» July 8, 1974:
Cleveland's Gaylord Perry loses to Oakland in 10 innings, 43. Vida Blue is the winner.
» October 8, 1974: Sal Bando homers again and Vida Blue hurls a 2-hitter to give the A's a 10 win and a 2-1 lead in the LCS. Blue fans seven and walks none.
» October 13, 1974:
Los Angeles, behind Don Sutton, evens the Series with a 32 win. The Dodgers score in the 2nd off Vida Blue, and a 2-run home run by Joe Ferguson in the 6th provides the margin.
» October 17, 1974: Vida Blue and Don Sutton are tied 22 going into the bottom of the 6th when Mike Marshall relieves and retires the side. In the 7th, a shower of debris halts the game for 15 minutes. When play is resumed, Joe Rudi hits Marshall's first pitch for a homer to give the A's a 3rd 32 win, clinching a 3rd straight World Championship for the team.
» September 28, 1975: In a ML first, 4 pitchers share in a no-hitter, as the As shut down the Angels 50. Vida Blue, Glenn Abbott, Paul Lindblad, and Rollie Fingers are the unique quartet. This is a tune up for the LCS opener against Boston the following Saturday.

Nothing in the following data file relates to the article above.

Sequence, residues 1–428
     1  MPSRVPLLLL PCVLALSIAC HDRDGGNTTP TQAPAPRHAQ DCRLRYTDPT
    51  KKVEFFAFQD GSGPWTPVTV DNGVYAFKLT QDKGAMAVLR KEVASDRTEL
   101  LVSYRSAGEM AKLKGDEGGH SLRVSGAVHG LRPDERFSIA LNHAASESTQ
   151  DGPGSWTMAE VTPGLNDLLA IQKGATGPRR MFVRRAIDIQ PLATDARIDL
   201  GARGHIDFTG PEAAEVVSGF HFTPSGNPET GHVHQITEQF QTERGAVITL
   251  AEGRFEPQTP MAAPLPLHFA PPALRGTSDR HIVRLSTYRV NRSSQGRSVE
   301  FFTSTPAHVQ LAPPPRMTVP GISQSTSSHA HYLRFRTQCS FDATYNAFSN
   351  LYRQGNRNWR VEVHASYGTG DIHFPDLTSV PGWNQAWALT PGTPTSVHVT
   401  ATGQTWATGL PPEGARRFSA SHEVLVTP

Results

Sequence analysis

» June 18, 1976: Commissioner Kuhn voids the A's sales, totaling $3.5 million, of Joe Rudi and Rollie Fingers to the Red Sox, and Vida Blue to the Yankees, saying they are "not in the best interest of baseball." A's owner Charlie Finley files a $10 million damage suit against Kuhn, and will refuse to use any of the three players until June 27th.
» April 16, 1977: Regulations force Oakland P Vida Blue to discard his old, discolored "lucky" cap because it is no longer "identical in color, trim and style" to those of his teammates.
» August 10, 1977: Billy Martin installs Reggie Jackson as the Yankees' regular clean-up hitter. The Yanks beat the A's 63, as Ron Guidry outpitches Vida Blue. Graig Nettles belts his 26th homer of the season. New York will win 40 of final 53 games, with Jackson contributing 13 home runs and 49 RBIs.
» December 9, 1977:
The A's and Reds announce a deal that will send P Vida Blue to Cincinnati for OF Dave Revering and $1.75 million cash. Commissioner Kuhn will invalidate the deal on January 30, contending that too much money is involved and there would be a competitive imbalance created. He later sets a limit of $400,000 as the maximum that can be exchanged between teams.